#marcapolítica Country Branding

Rubén Weinsteiner





#marcapolítica is one of the world’s leading authorities in country brand strategy and management, driven by our long-standing research in the field.

In a world of global trade, communications, tourism and supra-national political organizations the meaning and value of ‘place’ has never been more complex or contentious. But where we choose to work, study, travel and invest is still informed as much by associations and experiences of a country as it is by regulatory, economic and social conditions. #marcapolítica helped to pioneer the study of countries as brands, understanding that they can be managed and measured for trade, investment and tourism growth.

Nation branding aims to measure, build and manage the reputation of countries (closely related to place branding). Some approaches applied, such as an increasing importance on the symbolic value of products, have led countries to emphasise their distinctive characteristics. The branding and image of a nation-state "and the successful transference of this image to its exports - is just as important as what they actually produce and sell."[1] This is also referred to as country-of-origin effect. Nation branding is still a developing field in which scholars continue their search for a unified theoretical framework. Many governments have resource dedicated to Nation Branding. Their aim is to improve their country's standing, as the image and reputation of a nation can dramatically influence its success in attracting tourism receipts and investment capital; in exports; in attracting a talented and creative workforce and in its cultural and political influence in the world.

When we express a preference for French holidays, German cars or Italian opera, when we instinctively trust the policies of the Swedish government, comment on the ambition of the Japanese, the bluntness of the Americans or the courtesy of the British, when we avoid investing in Romania, favour Turkey’s entry into Europe or admire the heritage of China and India, we are responding to brand images in exactly the same way as when we’re shopping for clothing or food.
But these are far bigger brands than Nike or Nestlé. They are the brands of nations.
Nation brand is an important concept in today’s world. As a consequence of globalisation, all countries must compete with each other for the attention, respect and trust of investors, tourists, consumers, donors, immigrants, the media, and the governments ofother nations: so a powerful and positive nation brand provides a crucial competitive advantage.
It is essential for countries to understand how they are seen by publics around the world; how
their achievements and failures, their assets and their liabilities, their people and their products
are reflected in their brand image. The nation brand is the sum of people’s perceptions of a country across six areas of national competence. Together, these areas make what I call the Nation Brand
According to a survey I carry out four times a year amongst 18,000 consumers in 18 different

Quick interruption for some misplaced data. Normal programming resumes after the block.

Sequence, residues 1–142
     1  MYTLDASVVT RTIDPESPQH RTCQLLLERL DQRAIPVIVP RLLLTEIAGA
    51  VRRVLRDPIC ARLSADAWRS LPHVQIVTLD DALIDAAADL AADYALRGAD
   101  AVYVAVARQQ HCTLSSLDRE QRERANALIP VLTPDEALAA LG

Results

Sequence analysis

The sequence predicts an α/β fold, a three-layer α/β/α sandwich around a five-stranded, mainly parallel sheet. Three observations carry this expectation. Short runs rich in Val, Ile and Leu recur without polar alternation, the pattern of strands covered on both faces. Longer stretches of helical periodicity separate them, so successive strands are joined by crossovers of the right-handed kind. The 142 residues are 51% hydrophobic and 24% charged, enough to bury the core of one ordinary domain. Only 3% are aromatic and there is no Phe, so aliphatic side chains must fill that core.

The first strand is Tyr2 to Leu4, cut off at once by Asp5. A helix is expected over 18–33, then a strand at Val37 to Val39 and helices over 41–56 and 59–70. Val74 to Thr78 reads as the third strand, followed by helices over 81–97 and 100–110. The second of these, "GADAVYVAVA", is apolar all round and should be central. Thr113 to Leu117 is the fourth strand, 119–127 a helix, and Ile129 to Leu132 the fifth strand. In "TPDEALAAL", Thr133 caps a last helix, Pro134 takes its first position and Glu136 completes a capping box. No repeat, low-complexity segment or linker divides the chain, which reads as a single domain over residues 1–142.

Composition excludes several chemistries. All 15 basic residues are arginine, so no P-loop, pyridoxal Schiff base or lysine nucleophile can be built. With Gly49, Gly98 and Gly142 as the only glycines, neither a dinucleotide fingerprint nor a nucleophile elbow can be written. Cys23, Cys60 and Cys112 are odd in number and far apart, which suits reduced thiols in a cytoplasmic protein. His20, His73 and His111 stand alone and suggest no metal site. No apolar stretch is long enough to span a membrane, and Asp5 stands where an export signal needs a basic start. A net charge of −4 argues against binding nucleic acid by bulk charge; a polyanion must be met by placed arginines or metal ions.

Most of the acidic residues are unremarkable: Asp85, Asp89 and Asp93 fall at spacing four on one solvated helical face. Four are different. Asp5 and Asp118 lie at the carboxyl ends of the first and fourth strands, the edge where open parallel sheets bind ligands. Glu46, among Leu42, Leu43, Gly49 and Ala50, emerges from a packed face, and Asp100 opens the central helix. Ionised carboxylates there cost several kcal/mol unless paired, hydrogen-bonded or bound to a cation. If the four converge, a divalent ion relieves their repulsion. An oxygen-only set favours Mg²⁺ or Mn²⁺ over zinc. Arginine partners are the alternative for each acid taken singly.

OECD countries, the Anholt-GMI Nation Brands Index, Turkey’s brand image is currently
very undeveloped and much misdunderstood, and scores near the bottom of the table, just
above Russia.
Turkey’s overall low score, however, is mainly the result of it failing to achieve high scores in
any category (and arguably this is partly because so few people have any direct experience of
the country, its people or products, and spend relatively little time thinking about it), unlike
Russia’s which is the result of extremely low scores in several crucial categories. Looking at
the data, Turkey appears to be more of a ‘blank canvas’, a country about which many people
have few opinions; on the other hand, almost everybody has an opinion about Russia, and it is
likely to be a poor one.
The survey clearly shows that both countries have a long way to go before they can improve
their international reputations. The difference is that Turkey has a lot to prove, a process which
is likely to be much helped in the future by EU accession, whereas Russia has a great deal to
disprove before it can even start acquiring positive brand attributes.
In the domain of brands and products, consumers have difficulty associating Turkey
with anything they might actually want to buy:
textiles is the only categories which they spontaneously link to Turkey, spelling difficulties
for any Turkish companies in other product or service areas who might be planning to launch
explicitly Turkish products in overseas markets.
It would appear that none of the Turkish brands which I described in my previous book, Brand
New Justice, have yet achieved enough fame in Europe, North America or the Asia-Pacific
region to have improved the reputation of their country of origin.
To understand how the people of each country are viewed in my survey, I first asked a
‘business-to-business’ question (“Imagine you are a manager and need to make an important
hiring. Please rank the following countries in order of your preference for the nationality of
your candidate”) and a ‘non-business’ question (“Please rank how hospitable the people are in
the following countries”) – this aspect of the ‘human’ dimension is also of critical importance
when considering the tourism potential of each country. Respondents were also asked to select